Junior doctors begin five day strike

Junior doctors begin five-day strike

Thousands of medics in England are walking out until midnight on Wednesday

Junior doctors in England have begun a five-day strike in their ongoing pay row with the Government.

Thousands of medics walked out from 7am this morning until 11.59pm on Wednesday.

As the strike was due to begin, Health and Social Care Secretary Victoria Atkins said the (British Medical Association) BMA junior doctors committee had “refused to put our offer to their members” and called for more talks with the union.

She said they had been told the Government had been “prepared to go further than the pay increase of up to 10.3% that they have already received”.

In return, BMA junior doctors committee co-chairmen Dr Robert Laurenson and Dr Vivek Trivedi said: “The Government could have stopped these strikes by simply making a credible pay offer for junior doctors in England to begin reversing the pay cuts they have inflicted upon us for more than a decade.

“The same Government could have even accepted our offer to delay this round of strike action to give more space for talks, all we asked for in return was a short extension of our mandate to strike.

“The fact that ministers have chosen strike action over what could have been the end of this year’s pay dispute is disappointing to say the least.”

The BMA has also not ruled out further strike action.

Junior doctors in England staged the longest strike in NHS history in January, for six full days from January 3 to January 9.

The latest round will be the 10th strike by junior doctors since March 2023.

Ms Atkins, who stated people should not overlook the potential impact the strikes could have on the NHS, said: “I want to see doctors treating patients, not standing on picket lines.”

She added: “More than 1.3 million appointments and operations have already been cancelled or rescheduled since industrial action began, five days of further action will compound this.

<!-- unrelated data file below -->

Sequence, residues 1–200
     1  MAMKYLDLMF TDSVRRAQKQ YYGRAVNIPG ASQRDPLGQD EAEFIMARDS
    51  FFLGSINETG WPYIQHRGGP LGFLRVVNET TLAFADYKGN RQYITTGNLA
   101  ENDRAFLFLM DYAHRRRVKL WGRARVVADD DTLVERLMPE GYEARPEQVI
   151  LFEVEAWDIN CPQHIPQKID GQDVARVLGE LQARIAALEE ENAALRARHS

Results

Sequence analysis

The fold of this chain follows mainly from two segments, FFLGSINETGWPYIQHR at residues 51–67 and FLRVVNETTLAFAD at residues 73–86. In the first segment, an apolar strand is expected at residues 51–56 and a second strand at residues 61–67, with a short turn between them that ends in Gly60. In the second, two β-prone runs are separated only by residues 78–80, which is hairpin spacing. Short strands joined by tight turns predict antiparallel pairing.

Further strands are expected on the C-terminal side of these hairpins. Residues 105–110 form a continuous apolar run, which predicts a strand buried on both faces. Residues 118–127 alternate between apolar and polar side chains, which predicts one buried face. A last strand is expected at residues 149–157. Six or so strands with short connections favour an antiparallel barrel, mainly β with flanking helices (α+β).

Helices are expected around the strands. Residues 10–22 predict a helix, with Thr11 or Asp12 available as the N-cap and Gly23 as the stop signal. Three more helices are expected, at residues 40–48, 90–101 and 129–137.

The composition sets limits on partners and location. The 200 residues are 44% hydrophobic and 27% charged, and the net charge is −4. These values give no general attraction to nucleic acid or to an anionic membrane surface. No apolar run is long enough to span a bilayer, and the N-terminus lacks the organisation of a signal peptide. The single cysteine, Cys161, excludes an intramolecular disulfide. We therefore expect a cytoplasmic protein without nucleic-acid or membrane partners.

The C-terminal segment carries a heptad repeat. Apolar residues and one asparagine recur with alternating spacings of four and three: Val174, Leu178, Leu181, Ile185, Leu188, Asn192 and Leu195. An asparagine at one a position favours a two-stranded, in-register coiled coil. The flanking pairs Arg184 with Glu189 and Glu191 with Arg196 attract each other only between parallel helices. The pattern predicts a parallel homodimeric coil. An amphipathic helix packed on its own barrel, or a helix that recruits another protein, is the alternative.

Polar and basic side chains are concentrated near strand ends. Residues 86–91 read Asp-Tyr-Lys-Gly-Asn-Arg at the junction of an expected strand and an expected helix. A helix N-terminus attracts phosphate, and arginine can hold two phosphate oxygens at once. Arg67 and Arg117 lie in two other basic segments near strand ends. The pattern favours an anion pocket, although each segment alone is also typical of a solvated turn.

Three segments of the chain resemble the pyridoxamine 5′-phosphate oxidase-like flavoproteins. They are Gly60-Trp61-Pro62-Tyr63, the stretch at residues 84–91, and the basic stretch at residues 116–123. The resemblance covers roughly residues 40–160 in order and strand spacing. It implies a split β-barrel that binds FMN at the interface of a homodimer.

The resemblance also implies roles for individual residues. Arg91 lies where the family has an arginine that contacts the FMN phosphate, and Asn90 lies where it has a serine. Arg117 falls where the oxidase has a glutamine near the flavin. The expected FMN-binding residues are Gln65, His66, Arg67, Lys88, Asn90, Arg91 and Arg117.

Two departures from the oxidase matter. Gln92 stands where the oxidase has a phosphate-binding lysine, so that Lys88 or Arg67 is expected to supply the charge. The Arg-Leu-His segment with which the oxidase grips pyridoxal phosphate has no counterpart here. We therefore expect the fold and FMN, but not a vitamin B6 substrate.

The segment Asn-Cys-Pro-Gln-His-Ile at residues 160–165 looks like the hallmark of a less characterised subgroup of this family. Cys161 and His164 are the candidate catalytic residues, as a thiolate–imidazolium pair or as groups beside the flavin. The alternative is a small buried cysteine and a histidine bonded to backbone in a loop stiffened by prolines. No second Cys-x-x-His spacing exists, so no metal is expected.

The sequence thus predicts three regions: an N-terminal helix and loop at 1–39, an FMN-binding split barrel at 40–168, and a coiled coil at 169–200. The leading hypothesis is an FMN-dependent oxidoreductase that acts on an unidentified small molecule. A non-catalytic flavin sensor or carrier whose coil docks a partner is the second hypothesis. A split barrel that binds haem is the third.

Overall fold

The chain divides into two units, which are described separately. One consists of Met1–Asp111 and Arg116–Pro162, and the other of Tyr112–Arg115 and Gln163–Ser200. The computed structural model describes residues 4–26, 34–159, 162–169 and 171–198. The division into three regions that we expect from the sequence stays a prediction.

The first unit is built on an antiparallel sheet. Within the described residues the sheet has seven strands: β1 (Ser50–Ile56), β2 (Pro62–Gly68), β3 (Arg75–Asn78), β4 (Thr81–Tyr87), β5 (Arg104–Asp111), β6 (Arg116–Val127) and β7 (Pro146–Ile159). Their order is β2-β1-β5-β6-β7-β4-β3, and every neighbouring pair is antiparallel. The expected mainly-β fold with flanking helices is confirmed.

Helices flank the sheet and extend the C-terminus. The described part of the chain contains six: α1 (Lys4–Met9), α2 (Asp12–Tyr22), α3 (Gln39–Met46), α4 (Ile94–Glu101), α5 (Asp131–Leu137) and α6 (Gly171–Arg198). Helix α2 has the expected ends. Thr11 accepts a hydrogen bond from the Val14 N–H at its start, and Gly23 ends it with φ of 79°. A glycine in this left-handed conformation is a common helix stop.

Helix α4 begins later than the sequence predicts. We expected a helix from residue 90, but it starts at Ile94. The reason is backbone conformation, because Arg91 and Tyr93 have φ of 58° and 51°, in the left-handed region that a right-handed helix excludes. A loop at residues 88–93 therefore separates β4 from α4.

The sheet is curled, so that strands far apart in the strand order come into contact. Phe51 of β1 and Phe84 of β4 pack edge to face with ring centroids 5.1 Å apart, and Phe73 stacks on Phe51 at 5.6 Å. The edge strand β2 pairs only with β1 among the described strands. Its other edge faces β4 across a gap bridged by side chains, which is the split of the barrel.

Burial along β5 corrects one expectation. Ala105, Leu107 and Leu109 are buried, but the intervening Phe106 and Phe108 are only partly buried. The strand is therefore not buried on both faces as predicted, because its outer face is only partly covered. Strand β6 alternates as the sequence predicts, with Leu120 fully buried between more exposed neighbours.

“The NHS has robust contingency plans in place, and it is vital that people continue to come forward for treatment.

“But no one should underestimate the impact these strikes have on our NHS.

“So again, I urge the BMA junior doctors committee to call off their strikes and show they are prepared to be reasonable, so that we can come back to the negotiating table to find a fair way forward.”

Wes Streeting, Labour’s shadow health secretary, described the latest round of junior doctors’ strikes as having “a devastating impact on patients” but said Prime Minister Rishi Sunak has the power to stop it but he is refusing to negotiate.

He said: “The second year of strikes is having a devastating impact on patients. 1.3 million operations and appointments have been cancelled, costing the NHS billions.

“Never forget that Rishi Sunak could end these strikes, but is refusing to negotiate.

“He would rather blame doctors and nurses for the appalling state of the NHS than take any responsibility himself.”

Thousands of NHS appointments and operations are likely to be cancelled during the fresh round of strikes, after the six-day strike in January saw more than 100,000 appointments put on hold.

Junior doctors have received a pay rise averaging nearly 9% this financial year.

The BMA has been asking for 35% “pay restoration” as its starting position, but has said it is willing to negotiate.

Junior doctors make up around half of the NHS doctor workforce.

They can have up to nine years’ of working experience as a hospital doctor, depending on their specialty, or up to five years’ experience to become a GP.

Junior doctor members of the Hospital Consultants and Specialists Association (HCSA) are also set to walk out from February 24 until February 29.

Published: by Radio NewsHub

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